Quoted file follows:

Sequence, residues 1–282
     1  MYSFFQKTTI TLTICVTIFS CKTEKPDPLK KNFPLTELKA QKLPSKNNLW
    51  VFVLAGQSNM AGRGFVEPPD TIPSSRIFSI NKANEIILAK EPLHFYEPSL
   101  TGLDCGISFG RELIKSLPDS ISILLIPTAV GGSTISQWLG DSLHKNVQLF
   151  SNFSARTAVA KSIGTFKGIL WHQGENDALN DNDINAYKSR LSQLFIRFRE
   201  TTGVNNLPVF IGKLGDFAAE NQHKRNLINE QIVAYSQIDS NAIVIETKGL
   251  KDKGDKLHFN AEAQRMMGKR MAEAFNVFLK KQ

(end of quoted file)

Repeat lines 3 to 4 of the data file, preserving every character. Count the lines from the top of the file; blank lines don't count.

    51  VFVLAGQSNM AGRGFVEPPD TIPSSRIFSI NKANEIILAK EPLHFYEPSL
   101  TGLDCGISFG RELIKSLPDS ISILLIPTAV GGSTISQWLG DSLHKNVQLF